According to World Press Photo, the jury considers a visual document for a Special Mention "when it has played an essential role in the news reporting of the year worldwide and could not have been made by a professional photographer."
This year, the judges selected a still image taken from a video shot in Sirte, Libya, on 20 October 2011, minutes after Muammar Gaddafi was captured by the Libyan National Transition Council. It shows the bloodied dictator being dragged onto a truck minutes before his death.
"The photo captures an historic moment, an image of a dictator and his demise that we otherwise would not have seen, had it not been photographed by a member of the public," says Aidan Sullivan, the chair of the World Press Photo jury. "There were no professional photographers there, and this photo had an impact. It had news value," he tells BJP.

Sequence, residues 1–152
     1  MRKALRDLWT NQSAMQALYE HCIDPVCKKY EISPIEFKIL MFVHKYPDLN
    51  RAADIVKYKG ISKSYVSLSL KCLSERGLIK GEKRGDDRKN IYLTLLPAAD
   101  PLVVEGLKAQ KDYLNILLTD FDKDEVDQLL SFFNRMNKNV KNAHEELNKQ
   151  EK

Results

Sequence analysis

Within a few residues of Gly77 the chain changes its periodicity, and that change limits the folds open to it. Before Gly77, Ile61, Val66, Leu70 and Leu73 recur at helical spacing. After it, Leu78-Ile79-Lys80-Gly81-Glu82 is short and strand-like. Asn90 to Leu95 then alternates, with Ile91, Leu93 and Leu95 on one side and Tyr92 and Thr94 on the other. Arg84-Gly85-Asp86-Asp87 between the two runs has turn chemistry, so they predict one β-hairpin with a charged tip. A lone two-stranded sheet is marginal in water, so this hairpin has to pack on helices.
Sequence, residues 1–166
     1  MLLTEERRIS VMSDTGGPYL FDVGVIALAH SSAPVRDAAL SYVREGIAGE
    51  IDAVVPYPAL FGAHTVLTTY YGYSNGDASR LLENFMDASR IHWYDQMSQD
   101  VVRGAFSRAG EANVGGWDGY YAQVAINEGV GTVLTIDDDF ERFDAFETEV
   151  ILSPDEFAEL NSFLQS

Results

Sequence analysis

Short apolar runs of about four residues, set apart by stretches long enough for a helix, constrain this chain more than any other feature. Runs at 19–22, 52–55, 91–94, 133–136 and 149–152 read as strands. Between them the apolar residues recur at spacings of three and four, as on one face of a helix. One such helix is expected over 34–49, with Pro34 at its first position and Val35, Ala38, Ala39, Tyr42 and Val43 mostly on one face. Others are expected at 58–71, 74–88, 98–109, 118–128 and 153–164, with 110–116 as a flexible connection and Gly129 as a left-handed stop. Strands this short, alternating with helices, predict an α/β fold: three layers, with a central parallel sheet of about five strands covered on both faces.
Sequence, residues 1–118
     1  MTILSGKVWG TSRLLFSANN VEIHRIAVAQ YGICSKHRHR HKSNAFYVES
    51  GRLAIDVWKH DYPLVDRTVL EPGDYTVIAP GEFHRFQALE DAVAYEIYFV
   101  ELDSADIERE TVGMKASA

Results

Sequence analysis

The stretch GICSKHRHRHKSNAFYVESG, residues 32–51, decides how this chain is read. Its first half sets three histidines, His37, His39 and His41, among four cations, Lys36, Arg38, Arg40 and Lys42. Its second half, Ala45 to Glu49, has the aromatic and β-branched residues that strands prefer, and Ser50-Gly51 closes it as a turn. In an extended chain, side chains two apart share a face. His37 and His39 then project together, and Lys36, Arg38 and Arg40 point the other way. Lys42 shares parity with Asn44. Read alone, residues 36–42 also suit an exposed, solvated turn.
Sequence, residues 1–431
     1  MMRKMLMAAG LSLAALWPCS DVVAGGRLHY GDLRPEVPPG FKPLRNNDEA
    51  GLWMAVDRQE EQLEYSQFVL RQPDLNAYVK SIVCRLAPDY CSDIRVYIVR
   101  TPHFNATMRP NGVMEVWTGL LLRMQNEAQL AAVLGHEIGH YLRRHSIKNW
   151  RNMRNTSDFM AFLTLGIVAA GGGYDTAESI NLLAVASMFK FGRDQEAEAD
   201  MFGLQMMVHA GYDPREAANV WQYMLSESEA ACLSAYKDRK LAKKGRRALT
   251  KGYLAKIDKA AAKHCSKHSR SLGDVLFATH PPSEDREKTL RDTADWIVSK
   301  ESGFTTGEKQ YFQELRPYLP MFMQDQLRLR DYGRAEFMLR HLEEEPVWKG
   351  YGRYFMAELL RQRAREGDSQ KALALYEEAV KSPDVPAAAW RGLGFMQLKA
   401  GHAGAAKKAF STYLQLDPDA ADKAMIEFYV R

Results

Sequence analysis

Nina Berman, a Noor photographer and member of this year's jury, adds: "There was a very strong point mentioned by a jury member during the judging process. He was saying that if we awarded anything from the public that it should be for a picture taken recently in Syria, because this is the one place where it's really hard to get pictures by professionals. But in the end it was this Gaddafi picture that came out on top, because it really is a unique moment in history - a moment when a dictator was mobbed physically by the people. That's why we chose it."
"This was an important document for posterity, for transparency, and to understand the dynamics of how Gaddafi came to his end," says jury member Renata Ferri in a statement.
For more coverage of the World Press Photo's results, check www.bjp-online.com/tag/world-press-photo.
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